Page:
- Many of the NCTQ standards apply only to elementary school teacher preparation and some, only to secondary programs. We are puzzled by the decisions about which programs should be accountable to which standards. For example, quite sensibly, NCTQ applies rigorous standards of specific domain knowledge to secondary programs (e.g., physics teachers need to know physics, not general science or chemistry), but they dismiss secondary teachers from the standards for English Language Learner or Struggling Reader issues. This makes no sense for the majority of schools across the United States. English learners are virtually everywhere, and they are not just in elementary schools! Struggling readers are a fact of life in secondary schools, too—and not just in English or reading classes but also in science and history classes. So why are secondary-teaching programs not examined in relation to these two standards? We have no idea, as most secondary teachers face both of these issues on a daily basis.
Finally, there is the problem of standards that are too narrowly defined:
- The most glaring example of a standard that represents a problematically narrow construal of research is the Early Reading standard as applied to elementary credential programs. Passing the standard can be achieved by a program if (and only if) it teaches the 5 pillars reviewed in the report of the National Reading Panel—phonemic awareness, phonics, fluency, comprehension, and vocabulary (see Rickenbrode & Walsh, 2013). The LRP recognizes the wisdom of ensuring that these five topics are adequately covered in courses for future teachers. However, the LRP also recognizes that the research base for other literacy-related topics, many in the previous bulleted list and most representing the core of the Common Core State Standards, is sufficiently strong to merit their systematic inclusion in teacher education programs also.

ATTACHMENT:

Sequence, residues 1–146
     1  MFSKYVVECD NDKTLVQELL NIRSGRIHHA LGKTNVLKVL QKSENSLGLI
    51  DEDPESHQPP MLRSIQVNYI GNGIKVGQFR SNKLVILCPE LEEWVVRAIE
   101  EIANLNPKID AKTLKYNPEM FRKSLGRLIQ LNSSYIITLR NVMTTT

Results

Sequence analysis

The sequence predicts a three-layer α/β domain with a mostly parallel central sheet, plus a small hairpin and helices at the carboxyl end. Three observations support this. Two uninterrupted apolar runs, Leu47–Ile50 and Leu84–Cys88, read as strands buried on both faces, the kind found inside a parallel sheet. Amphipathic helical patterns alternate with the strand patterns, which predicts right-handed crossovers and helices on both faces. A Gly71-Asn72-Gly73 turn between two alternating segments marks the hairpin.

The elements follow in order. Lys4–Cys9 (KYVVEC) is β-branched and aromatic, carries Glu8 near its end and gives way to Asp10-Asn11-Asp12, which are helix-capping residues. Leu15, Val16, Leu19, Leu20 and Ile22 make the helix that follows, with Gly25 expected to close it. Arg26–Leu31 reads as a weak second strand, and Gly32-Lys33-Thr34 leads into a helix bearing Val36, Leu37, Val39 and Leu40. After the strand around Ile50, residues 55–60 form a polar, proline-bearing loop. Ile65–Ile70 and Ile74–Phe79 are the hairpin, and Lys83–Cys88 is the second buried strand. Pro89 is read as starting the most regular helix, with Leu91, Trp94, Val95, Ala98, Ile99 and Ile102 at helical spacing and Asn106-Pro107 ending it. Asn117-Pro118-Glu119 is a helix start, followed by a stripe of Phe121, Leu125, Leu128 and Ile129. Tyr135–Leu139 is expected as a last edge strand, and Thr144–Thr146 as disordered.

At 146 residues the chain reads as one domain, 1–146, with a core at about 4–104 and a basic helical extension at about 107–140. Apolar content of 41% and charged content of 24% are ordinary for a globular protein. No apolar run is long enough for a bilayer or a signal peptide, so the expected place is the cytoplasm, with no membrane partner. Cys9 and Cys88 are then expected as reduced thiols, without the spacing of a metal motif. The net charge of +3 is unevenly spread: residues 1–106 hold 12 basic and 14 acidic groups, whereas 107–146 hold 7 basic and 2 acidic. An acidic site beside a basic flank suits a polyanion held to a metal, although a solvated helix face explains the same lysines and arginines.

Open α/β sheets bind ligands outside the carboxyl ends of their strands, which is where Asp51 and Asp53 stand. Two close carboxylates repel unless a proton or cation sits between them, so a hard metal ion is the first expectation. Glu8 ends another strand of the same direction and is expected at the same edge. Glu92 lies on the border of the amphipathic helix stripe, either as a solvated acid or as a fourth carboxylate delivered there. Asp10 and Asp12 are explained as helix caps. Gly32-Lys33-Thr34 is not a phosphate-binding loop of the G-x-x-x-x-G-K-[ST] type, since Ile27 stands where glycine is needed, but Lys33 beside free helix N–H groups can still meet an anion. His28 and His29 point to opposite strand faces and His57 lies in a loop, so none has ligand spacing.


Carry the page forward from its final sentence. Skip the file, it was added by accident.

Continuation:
In other words, these five pillars are necessary for inclusion in an early reading teacher education program, but they are by no means sufficient. As a matter of record, it should also be noted that even the National Reading Panel did not believe that these 5 areas of instruction were the only ones that should be taught in schools or in teacher education programs, stating, “The Panel’s silence on other topics should not be interpreted as indicating that other topics have no importance or that improvement in those areas would not lead to greater reading achievement” (see NICHD, 2000, p. 1-3 of the methodology section of the NRP Report).
Question 2: Who cares about the improvement of teacher education?
Acknowledging the knowledge base. Another frustrating aspect of the NCTQ report is the unstated but readily inferable assumption that until the publication of this report, no one, least of all those associated with teacher education research and development was concerned enough about the quality of teacher education to worry about its improvement. Nowhere in the report is there acknowledgement of the work of the profession on quality control, nor is there any attempt to review the knowledge base in teacher education.